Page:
H P Harman Community Workers Transkei Council of Churches South Africa

Dear

Editor

I was able to get a copy of your magazine from the RURCON headquarters in Jos. I have gained much from reports and write ups on stove and energy development in the April issue of your magazine and wish that I had found out about this magazine long before now. This is because we have wanted to start the project on the improved cooking stove and have lacked the necessary knowledge and skills to start.

We would need your support on this project as it is very important if the environment must be preserved especially in this part of the world where 70% of the population depend on wood for energy - cooking.

Yours sincerely

A Gwaivangmin, Church of Christ in Nigeria .

Boiling Point is the journal of the Intermediate Technology Development Group's Fuel for Food Programme and the GATE/GTZ Programme. It is printed on recycled paper by Rugby Community Printworks (affiliated to the Rugby Youth Promotion Programme). ITDG is a registered British Charity.

Contributions are welcome in the form of articles of not more than 1,000 words plus line drawings, photographs, simple graphs etc., where appropriate. All correspondence should be addressed to Boiling Point, ITDG, Fuel for Food Programme, Myson House, Railway Terrace, Rugby, CV21 3HT, UK.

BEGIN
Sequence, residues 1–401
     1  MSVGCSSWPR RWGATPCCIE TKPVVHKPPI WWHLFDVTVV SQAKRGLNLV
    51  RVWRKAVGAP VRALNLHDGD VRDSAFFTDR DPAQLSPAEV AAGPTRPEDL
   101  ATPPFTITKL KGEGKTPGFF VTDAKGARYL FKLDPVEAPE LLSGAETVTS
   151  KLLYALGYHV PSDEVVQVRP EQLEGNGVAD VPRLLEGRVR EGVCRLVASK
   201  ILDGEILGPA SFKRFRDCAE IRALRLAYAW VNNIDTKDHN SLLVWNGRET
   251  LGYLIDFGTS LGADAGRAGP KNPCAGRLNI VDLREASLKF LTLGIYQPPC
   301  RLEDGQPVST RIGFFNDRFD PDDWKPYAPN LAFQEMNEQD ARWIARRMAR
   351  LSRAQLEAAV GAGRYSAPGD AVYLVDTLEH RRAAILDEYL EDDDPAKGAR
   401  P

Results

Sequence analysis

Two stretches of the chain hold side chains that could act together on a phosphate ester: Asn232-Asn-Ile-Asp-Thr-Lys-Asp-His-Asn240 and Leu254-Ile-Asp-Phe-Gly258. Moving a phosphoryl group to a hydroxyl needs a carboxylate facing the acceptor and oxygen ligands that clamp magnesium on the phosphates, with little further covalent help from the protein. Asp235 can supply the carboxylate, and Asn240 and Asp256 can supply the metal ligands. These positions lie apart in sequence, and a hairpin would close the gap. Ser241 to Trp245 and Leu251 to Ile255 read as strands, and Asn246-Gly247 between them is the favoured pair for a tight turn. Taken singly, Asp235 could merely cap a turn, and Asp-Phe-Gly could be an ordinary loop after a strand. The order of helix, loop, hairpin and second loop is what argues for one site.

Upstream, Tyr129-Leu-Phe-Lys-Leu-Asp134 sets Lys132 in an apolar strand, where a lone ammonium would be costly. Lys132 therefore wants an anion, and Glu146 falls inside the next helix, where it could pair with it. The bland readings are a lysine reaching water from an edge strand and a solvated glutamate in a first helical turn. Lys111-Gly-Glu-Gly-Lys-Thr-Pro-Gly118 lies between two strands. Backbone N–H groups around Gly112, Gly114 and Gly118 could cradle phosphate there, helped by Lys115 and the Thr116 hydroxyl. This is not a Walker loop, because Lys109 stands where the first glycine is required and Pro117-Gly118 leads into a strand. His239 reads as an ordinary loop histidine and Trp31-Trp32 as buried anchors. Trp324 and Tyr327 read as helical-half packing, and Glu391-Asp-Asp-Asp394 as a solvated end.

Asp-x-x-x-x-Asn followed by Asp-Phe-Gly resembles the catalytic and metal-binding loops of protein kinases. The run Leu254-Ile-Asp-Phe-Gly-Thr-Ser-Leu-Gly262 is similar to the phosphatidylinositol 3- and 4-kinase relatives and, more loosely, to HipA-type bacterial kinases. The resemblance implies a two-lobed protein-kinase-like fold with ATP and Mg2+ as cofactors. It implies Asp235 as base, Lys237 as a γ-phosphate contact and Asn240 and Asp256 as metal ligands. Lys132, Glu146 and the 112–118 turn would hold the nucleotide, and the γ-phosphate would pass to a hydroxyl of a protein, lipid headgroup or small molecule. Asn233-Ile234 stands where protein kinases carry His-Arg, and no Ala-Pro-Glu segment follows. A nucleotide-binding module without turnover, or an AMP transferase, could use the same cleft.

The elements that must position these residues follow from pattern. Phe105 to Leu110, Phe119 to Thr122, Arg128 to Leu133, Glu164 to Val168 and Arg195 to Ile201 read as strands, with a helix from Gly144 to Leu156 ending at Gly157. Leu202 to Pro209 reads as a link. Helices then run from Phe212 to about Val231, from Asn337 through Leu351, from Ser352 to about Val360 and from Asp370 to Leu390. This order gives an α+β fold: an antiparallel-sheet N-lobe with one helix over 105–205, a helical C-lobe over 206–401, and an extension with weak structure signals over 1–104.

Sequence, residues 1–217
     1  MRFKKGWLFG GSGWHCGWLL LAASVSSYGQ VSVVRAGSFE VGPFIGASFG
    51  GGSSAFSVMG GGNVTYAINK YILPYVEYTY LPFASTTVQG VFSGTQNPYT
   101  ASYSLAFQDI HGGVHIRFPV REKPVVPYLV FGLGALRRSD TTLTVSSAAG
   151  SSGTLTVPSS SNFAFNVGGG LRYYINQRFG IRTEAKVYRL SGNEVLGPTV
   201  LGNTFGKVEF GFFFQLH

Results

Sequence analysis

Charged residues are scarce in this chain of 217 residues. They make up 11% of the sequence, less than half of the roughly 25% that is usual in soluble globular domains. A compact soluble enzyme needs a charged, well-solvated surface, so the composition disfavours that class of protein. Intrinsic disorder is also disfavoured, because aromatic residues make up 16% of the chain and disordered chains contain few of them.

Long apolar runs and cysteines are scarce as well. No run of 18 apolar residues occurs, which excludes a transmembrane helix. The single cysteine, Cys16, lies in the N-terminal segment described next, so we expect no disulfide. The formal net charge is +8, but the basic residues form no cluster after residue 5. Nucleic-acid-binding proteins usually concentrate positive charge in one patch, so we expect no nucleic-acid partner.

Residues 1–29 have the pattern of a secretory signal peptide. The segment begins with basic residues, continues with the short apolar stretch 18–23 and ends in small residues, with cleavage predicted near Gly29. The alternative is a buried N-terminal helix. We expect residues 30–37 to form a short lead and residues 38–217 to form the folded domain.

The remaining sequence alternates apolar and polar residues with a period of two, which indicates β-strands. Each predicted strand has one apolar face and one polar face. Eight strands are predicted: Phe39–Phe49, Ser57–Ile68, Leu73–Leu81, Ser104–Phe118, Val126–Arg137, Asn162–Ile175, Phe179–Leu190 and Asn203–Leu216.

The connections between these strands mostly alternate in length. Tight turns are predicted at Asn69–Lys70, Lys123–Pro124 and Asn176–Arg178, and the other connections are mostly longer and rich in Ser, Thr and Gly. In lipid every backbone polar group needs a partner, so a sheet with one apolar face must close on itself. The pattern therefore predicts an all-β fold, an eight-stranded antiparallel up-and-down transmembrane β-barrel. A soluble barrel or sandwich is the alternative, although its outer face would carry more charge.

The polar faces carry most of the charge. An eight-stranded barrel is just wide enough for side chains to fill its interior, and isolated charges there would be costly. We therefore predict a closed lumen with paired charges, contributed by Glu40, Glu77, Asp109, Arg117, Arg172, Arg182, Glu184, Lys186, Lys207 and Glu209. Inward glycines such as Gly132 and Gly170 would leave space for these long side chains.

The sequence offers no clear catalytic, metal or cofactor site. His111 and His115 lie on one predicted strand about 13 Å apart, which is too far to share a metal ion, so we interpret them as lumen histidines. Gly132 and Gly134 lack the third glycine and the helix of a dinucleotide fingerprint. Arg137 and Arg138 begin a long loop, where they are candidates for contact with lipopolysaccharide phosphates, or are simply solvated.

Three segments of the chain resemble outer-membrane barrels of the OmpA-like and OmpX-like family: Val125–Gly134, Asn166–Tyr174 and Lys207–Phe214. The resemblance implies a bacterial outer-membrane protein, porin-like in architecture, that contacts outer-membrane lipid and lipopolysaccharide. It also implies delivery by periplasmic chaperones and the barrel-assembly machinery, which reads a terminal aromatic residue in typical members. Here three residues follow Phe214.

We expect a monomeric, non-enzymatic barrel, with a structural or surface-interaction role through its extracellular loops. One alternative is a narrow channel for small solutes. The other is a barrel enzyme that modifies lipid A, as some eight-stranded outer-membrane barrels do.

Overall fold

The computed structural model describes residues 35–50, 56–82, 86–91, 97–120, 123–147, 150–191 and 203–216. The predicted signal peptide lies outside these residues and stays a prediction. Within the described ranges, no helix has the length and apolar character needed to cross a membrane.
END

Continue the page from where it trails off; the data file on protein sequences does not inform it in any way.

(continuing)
Opinions expressed in contributory articles are those of the authors and not necessarily those of the ITDG Fuel for Food Programme.

(Readers wishing to enter into correspondence may obtain full postal addresses from the address given above).

ISSN: 0263-3167

Editorial & Production Team

Tammy Flavell - Production Manager Ian Grant - Editor Peter Young - Senior Technical Manager Kathryn Clarke - Sector Manager Agnes Klingshirn - GTZ Representative Cornelia Sepp - GTZ Consultant

Specialist Advisors:

Simon Burne - Economist

Emma Crewe - Social Scientist

Tim Jones - Ceramicist

Contributors:

A Jadadeesh, R Louvel

Y Maigne, R Masoud

G Rossier & W Micuta

P Spinks, G Shay

French Summaries by Bois de Feu et Energie

Poof Reading by Rene Marshall and Peter Watts

Contributions to Boiling

Point

Contributions are invited for the next three issues of Boiling Point, the main themes of which will be:

June - Special Edition- Smoke Pollution No: 25 - Funding for Stove Programmes No: 26 - Widening Use of Stove Designs No: 27 - Women in Stove Programmes

Articles for issues 25, 26, 27 should reach this office by the end of June for issue No. 25, the end of October for Issue No. 26 and end of February for issue No. 26.

Technical Enquiries to ITDG

One of the most valuable services provided by ITDG is in answering technical services . The stove team and its associates are at your service in this way and have answered many enquiries over the last 6 years.

Please send all enquiries to: The Manager Technical Enquiry Office ITDG, Myson House Railway Terrace, RUGBY, CV21 3HT, UK Fax: 0788 540270


FIGURE

Intermediate Technology's aim is to enable poor people to develop and use productive technologies and methods which give them greater control over their own lives and which contribute to the longterm development of their communities. ITDG is a British charity mainly funded by the Overseas Development Administration.